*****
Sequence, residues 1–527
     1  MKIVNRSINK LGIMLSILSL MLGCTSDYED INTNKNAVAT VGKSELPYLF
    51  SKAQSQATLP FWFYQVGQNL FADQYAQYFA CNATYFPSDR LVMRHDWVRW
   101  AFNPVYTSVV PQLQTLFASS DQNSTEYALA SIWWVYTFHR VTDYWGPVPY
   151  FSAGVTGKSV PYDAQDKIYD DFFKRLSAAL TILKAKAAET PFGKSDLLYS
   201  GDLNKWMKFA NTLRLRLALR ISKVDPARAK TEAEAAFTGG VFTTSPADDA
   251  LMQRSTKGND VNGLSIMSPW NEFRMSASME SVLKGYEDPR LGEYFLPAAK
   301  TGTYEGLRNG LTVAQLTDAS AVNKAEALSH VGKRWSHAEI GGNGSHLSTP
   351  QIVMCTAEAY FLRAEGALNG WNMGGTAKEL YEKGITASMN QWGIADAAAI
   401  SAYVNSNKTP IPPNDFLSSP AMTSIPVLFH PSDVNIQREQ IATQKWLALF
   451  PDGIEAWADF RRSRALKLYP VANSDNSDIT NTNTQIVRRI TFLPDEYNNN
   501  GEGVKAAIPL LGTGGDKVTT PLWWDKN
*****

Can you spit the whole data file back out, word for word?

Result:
Sequence, residues 1–527
     1  MKIVNRSINK LGIMLSILSL MLGCTSDYED INTNKNAVAT VGKSELPYLF
    51  SKAQSQATLP FWFYQVGQNL FADQYAQYFA CNATYFPSDR LVMRHDWVRW
   101  AFNPVYTSVV PQLQTLFASS DQNSTEYALA SIWWVYTFHR VTDYWGPVPY
   151  FSAGVTGKSV PYDAQDKIYD DFFKRLSAAL TILKAKAAET PFGKSDLLYS
   201  GDLNKWMKFA NTLRLRLALR ISKVDPARAK TEAEAAFTGG VFTTSPADDA
   251  LMQRSTKGND VNGLSIMSPW NEFRMSASME SVLKGYEDPR LGEYFLPAAK
   301  TGTYEGLRNG LTVAQLTDAS AVNKAEALSH VGKRWSHAEI GGNGSHLSTP
   351  QIVMCTAEAY FLRAEGALNG WNMGGTAKEL YEKGITASMN QWGIADAAAI
   401  SAYVNSNKTP IPPNDFLSSP AMTSIPVLFH PSDVNIQREQ IATQKWLALF
   451  PDGIEAWADF RRSRALKLYP VANSDNSDIT NTNTQIVRRI TFLPDEYNNN
   501  GEGVKAAIPL LGTGGDKVTT PLWWDKN